The alcohol and liquor laws of each state in the U.S. set the minimum drinking age as 21 years of age. A person under the age of 21 who is caught drinking can usually be subjected to legal consequences. The consequences of underage drinking include misdemeanor charges, which fines and a short jail sentence can punish. There can be exceptions to underage drinking, depending on the state.
The twenty-first amendment to the Constitution clarifies that states determine laws regarding the sale and distribution of alcohol and that those states can delegate responsibilities to local jurisdictions. It is up to the states, not Washington, to determine the age within their borders. If a state fails to comply with the federal minimum age law, they risk losing federal funds (mostly for highway projects). Not surprisingly, all fifty states complied and preserved their federal funds. In many states, however, there are exceptions to who can purchase, possess, serve, or even consume alcohol.
Exceptions are generally limited to religious activities, educational purposes, lawful employment, parental, guardian, or spousal consent, law enforcement purposes, and medical reasons. Local jurisdictions, states, and federal laws determine who can distribute, buy, possess, and consume alcohol in a specific state because of these exceptions.
A person can tend bar in 30 states if they are 18, in four states if they are 19, in one state if they are 20, and in 15 states if they are 21. Depending on the state, you may need a license to pour drinks. Servers who bring drinks to the table may have a different minimum age from those behind the bar. Furthermore, in North Carolina, you can pour beer and wine at eighteen, but not liquor until you are 21. It quickly becomes confusing regarding the minimum legal age and liquor.
There are only five states without exceptions to the federal law: Alabama, Arkansas, Idaho, New Hampshire, and West Virginia. Forty-five states have exceptions, which vary widely and should be discussed further.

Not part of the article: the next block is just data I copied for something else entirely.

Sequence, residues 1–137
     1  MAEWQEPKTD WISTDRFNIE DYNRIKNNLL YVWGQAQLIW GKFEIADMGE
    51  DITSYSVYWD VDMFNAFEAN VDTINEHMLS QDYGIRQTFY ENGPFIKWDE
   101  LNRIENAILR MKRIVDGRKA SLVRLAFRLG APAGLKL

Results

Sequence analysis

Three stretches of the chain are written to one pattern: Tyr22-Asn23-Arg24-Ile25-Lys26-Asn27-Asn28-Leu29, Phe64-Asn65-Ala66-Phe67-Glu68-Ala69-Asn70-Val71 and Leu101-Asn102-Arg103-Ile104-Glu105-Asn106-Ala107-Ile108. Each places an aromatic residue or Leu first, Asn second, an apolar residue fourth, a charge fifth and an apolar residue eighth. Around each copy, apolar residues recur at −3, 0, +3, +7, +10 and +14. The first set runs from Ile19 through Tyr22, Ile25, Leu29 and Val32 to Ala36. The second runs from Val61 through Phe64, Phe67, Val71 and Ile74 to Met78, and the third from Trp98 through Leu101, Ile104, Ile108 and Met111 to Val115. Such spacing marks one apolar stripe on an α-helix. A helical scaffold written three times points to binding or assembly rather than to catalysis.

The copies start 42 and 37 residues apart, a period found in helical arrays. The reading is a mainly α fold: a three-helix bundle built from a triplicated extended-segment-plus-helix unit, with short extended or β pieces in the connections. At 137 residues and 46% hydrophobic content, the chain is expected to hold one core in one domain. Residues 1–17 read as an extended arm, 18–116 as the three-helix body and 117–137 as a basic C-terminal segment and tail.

Some religions serve small amounts of wine to parishioners as part of a service. It would be illegal for anyone under 21 to participate in these activities, but some states allow worshipers under 21 to participate in these rituals legally.
The most common reason for such an exemption is a culinary school. Leaving enough alcohol in a finished dish when cooking with liquor, wine, or beer can be considered alcoholic. So, if you’re in cooking school and under 21, which many enrolled students are, you can’t legally try the dishes you are learning to make with alcohol. Therefore, some states provide exemptions for those in an educational setting to allow students to study without breaking the law.
Restaurant and food and beverage workers under 21 may be able to purchase alcohol at work. However, they are generally not allowed to consume it. Parents, guardians, and spouses are considered “family members” for purposes of parental consent, guardian consent, and spousal consent. State laws, however, vary widely regarding when a family member can provide or allow someone under 21 to consume alcoholic beverages.
While some states require that the alcohol be provided directly by the family member, others require that they be present while it is consumed. In other states, the family member must provide the alcohol and be present while it is consumed.